About Arielle Condoret Schechter:
Arielle Condoret Schechter, AIA, is a licensed, registered architect based in Chapel Hill, NC, who specializes in Modernist, energy-efficient buildings with a focus on PASSIVE, NET ZERO/NET POSITIVE houses, as well as her new tiny house plans, the Micropolis® Houses. She is a lifelong environmentalist and began practicing green design long before it became mainstream. She is also a lifelong animal advocate who lives in Chapel Hill with her husband, Arnie, and an assortment of foster animals in the modern, sustainable house she designed for all of them.
Future LEED- Platinum building breaks ground in downtown Raleigh.
December 8, 2010 (RALEIGH, NC) – After two years of planning and waiting for financing, the North Carolina chapter of the American Institute of Architects will finally hold its official, public groundbreaking ceremony for its new headquarters building and design center on Thursday, December 9, at 11:30 a.m. The building will be constructed on an oddly shaped, previously unused lot on Peace and Wilmington streets between Peace College and the NC Government Complex.
Designed by Frank Harmon Architect PA after the firm won a professional competition for the project in 2008, the AIA NC Center for Architecture & Design will be “a modern building with a green heart,” as Frank Harmon, FAIA, likes to call it.
The building has been designed to meet LEED (Leadership in Energy and Environmental Design) standards at the highest Platinum level, and AIA Committee On The Environment (COTE) goals, which include regional appropriateness and the use of regionally available materials, land use and site ecology, sustainable materials and methods of construction, reduced water usage, and increased energy efficiency.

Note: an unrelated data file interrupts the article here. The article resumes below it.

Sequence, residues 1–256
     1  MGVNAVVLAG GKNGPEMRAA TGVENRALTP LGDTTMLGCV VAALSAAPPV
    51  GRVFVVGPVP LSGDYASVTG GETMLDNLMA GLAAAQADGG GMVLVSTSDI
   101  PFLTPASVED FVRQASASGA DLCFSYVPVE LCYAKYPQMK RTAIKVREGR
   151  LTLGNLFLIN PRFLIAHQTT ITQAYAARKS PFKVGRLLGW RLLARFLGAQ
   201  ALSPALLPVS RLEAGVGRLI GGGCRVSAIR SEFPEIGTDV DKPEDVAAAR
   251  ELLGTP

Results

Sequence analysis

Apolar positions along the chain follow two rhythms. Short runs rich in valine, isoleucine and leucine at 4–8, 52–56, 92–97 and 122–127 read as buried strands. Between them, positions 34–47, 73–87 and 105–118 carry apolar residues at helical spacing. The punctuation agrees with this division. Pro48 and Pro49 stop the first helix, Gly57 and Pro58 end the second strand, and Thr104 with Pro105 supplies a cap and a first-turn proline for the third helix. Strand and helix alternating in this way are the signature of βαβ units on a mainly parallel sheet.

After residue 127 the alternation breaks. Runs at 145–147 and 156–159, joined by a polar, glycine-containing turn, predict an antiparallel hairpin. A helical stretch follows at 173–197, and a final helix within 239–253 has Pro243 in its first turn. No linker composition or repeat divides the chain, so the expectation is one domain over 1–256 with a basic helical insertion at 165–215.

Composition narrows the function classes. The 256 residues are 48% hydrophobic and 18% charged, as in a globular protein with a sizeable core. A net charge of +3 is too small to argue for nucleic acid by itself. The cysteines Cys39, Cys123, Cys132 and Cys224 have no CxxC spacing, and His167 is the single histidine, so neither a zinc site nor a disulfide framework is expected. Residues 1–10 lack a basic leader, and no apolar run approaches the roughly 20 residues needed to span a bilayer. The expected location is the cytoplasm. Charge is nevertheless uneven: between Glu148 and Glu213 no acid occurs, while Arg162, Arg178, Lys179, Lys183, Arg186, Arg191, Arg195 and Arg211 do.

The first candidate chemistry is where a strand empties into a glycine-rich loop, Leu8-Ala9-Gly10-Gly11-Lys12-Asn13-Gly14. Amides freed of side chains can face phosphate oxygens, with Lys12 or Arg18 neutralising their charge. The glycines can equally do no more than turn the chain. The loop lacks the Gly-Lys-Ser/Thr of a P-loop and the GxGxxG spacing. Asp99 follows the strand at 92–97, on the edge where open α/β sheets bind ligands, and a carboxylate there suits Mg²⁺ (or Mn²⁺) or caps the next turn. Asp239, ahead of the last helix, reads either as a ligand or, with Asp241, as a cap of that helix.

“As we come out of the recession, we won’t be building in the same wasteful ways,” Harmon said. “With new emphasis on alternative energy and sustainable design, the AIA NC Center will show us a new way to build.”
Harmon also believes the Center will be a compelling example for responsible revitalization of the cores of towns and cities across the state, including Raleigh.
“It will demonstrate sustainable urban development and put Raleigh ‘on the map’ as a leader in this endeavor,” he noted, “from re-using every shovel of earth removed for the footprint, to the porously paved parking garden and state-of-the-art ‘green’ technology.”
Deferring to the natural topography, the new building will be situated along the edge of the property and porously paved so that the majority of the site will be park-like – a public park in an area of the city that doesn’t have one. This will provide an outdoor gathering space for AIA NC and community events and effectively expand AIA NC’s outreach program.
“One of AIA NC’s goals is to contribute to the vitality of that section of downtown by transforming an awkward, unused piece of property into a ‘people center’ that will, in turn, impact the businesses around it,” Harmon said.
Architecturally, the overriding objective of the building’s concept is “to demonstrate and encourage aesthetic and ecological integrity – to create a flagship for green architecture in North Carolina that is architecturally, environmentally, socially, and aesthetically inspiring,” Harmon said.